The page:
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Taking stock in a refresher course

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Experienced practitioner revisits government communications programme

Nomfanelo Kota, a veteran government communicator, has extensive experience in media liaison and communications and is a former spokesperson for the South African Embassy in New York. She worked as a media co-ordinator for the African National Congress and currently works for the Eastern Cape government.

Despite all her experience, Kota enrolled for the Government Communications and Marketing programme run by the Wits School of Governance this year.

Here, she shares her experience at WSG:

Nomfanelo Kota, participant in the Government Communications and Marketing programme at the Wits School of Governance

Why did you decide to do this course?

I completed the programme in 2007. Last year, I registered to get a sense of what we have achieved as government communicators in the space of a decade. The course has given me an opportunity to pause, take stock and see how far we have traversed and how we have simultaneously regressed in the sector at a policy level.

The programme has assisted me to understand the changing government communications and media landscape better and how different spheres of government have an ongoing challenge of synchronising their approaches to government communications.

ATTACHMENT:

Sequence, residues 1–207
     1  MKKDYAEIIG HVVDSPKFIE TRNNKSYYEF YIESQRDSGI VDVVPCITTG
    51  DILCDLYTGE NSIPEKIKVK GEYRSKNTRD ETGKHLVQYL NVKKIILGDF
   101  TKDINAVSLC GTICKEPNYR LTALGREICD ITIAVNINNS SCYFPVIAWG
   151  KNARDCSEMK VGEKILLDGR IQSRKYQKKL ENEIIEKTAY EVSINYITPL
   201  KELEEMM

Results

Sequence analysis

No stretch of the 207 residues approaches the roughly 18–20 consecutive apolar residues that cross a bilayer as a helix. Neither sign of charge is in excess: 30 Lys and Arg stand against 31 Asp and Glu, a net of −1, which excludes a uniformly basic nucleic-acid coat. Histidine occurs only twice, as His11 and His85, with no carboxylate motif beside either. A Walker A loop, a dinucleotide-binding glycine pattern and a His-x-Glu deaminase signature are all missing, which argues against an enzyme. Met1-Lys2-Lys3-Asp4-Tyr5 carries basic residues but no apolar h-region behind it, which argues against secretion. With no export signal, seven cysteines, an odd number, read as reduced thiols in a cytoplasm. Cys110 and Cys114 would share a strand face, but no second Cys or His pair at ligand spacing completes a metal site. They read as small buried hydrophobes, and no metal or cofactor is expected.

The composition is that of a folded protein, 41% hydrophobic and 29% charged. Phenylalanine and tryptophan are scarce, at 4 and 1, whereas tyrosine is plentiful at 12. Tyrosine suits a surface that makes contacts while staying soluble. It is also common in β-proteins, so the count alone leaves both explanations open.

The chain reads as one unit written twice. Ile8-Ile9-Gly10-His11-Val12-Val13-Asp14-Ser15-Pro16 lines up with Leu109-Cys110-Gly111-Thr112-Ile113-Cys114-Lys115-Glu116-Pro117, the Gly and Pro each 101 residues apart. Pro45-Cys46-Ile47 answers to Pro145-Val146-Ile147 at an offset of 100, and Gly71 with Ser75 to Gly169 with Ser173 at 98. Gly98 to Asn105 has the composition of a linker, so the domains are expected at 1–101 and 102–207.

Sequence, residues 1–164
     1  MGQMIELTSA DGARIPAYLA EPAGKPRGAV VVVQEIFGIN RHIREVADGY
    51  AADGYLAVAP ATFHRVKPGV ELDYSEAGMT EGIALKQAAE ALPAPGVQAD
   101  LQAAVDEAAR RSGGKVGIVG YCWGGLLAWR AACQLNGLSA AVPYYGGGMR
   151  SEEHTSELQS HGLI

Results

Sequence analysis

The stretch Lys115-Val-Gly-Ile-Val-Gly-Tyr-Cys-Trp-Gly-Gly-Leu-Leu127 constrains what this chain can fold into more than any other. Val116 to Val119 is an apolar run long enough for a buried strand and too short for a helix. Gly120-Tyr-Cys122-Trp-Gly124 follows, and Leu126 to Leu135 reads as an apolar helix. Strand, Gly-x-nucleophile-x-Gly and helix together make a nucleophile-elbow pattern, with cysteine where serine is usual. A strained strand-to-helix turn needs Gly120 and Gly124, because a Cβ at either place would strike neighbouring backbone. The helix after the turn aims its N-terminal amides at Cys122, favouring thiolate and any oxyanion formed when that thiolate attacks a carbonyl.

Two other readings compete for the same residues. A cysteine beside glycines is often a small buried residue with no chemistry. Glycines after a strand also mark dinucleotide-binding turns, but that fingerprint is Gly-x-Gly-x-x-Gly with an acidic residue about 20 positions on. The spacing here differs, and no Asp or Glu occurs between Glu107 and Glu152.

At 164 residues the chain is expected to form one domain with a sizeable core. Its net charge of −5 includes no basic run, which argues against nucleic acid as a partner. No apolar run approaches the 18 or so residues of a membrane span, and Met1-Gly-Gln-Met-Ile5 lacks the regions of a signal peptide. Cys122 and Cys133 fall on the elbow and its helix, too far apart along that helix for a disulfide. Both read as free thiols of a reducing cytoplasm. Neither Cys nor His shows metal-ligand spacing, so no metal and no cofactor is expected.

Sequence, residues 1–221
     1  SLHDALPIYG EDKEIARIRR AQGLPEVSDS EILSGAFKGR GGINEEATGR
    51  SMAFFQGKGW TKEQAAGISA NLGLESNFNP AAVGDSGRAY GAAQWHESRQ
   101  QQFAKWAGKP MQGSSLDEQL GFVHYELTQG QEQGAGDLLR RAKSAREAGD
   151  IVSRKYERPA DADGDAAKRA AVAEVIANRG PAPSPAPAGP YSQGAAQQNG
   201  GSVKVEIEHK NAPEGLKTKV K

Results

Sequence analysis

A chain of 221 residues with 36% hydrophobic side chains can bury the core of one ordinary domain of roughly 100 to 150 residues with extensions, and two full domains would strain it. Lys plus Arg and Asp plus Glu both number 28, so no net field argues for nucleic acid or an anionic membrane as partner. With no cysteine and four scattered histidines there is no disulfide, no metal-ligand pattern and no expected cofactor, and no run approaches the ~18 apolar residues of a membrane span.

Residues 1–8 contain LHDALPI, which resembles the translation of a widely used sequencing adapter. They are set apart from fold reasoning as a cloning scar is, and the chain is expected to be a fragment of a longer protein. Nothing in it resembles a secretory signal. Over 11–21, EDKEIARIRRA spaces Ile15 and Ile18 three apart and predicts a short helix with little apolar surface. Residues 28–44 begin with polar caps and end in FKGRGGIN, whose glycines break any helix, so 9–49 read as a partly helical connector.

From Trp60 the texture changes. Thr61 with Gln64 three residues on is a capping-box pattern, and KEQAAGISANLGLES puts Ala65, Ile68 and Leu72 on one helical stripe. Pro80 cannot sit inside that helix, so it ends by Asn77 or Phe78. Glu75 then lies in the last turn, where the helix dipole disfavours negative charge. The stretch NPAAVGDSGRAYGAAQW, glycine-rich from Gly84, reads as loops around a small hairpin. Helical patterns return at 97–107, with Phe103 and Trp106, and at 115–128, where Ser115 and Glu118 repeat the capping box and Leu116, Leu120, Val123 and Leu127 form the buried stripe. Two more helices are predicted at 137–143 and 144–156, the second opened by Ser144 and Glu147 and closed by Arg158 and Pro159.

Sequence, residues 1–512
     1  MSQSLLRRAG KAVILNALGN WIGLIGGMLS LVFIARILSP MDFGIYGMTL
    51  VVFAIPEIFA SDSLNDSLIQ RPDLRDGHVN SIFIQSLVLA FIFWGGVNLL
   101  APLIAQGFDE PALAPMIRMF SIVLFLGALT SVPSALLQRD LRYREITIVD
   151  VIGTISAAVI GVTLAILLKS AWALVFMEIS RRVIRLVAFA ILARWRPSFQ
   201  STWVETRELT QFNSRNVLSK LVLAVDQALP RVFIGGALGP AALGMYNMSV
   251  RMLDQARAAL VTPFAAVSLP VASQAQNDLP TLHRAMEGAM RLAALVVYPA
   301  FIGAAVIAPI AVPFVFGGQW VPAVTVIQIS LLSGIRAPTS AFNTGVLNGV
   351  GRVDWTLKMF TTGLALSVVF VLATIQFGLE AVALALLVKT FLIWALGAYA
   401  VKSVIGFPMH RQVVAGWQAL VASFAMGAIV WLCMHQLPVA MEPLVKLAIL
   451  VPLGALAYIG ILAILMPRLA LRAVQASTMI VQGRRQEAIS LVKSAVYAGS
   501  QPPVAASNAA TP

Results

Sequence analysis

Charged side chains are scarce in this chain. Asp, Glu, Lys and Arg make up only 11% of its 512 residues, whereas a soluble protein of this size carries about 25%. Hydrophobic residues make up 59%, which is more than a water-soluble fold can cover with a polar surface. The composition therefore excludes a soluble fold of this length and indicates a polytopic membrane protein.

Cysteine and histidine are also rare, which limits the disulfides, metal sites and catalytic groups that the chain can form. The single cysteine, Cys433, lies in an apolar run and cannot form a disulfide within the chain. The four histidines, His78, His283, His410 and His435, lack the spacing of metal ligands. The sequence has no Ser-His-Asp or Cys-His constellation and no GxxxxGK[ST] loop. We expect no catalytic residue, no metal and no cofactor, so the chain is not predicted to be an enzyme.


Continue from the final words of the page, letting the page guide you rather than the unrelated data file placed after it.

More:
What do you enjoy about this course?

The classroom engagements provide rigour and an opportunity for appreciative enquiry. Most of the course facilitators have valuable experience in communications and have been a great asset to the learning experience.

The richness of class discussions and their interactive nature broadens the minds of government communicators as fresh material is shared in a disciplined manner.

What I enjoy most from the course is the interaction with other students and learning from them, the stimulating class experiments and syndicate work that also takes us to external audiences (market research exercises) and how lecturers provide fresh materials that speak to our constantly changing and evolving media landscape.

What do you enjoy about the roles you played in government communication?

One of the most satisfying parts of my job is when I am able to create and expand nurturing communication networks for the province through interactions with various stakeholders in the sector.

What are some of the most challenging aspects of your job?

The most challenging part is to get political principals to understand that in political communication time is a critical resource and the ability to respond timeously to developments in the environment is the most crucial aspect of a government  communicator.

Apart from sharing information, what other roles do you think government communicators can play in creating access to all levels of governments?

Government communicators are the gateway to the world of political communication. They must consistently strive to keep channels of communication open at all times, be transparent and keep the public, media and other stakeholders informed of what government seeks to achieve.

At all times, government communicators must know that government communications is not a secret. Mostly government communicators must never allow middle-men and women to stand between them and their political communications work.

Executive education

The EDU offers over 90 short courses in the fields of policy; governance and leadership; monitoring and evaluation; project management; economic development and finance; and security. Our short courses are specialized and flexible, with multi-disciplinary content.

For all short courses on offer at the Wits School of Governance, email Zibusiso.Manzini-Moyo@wits.ac.za or call him on 011 717 3505.

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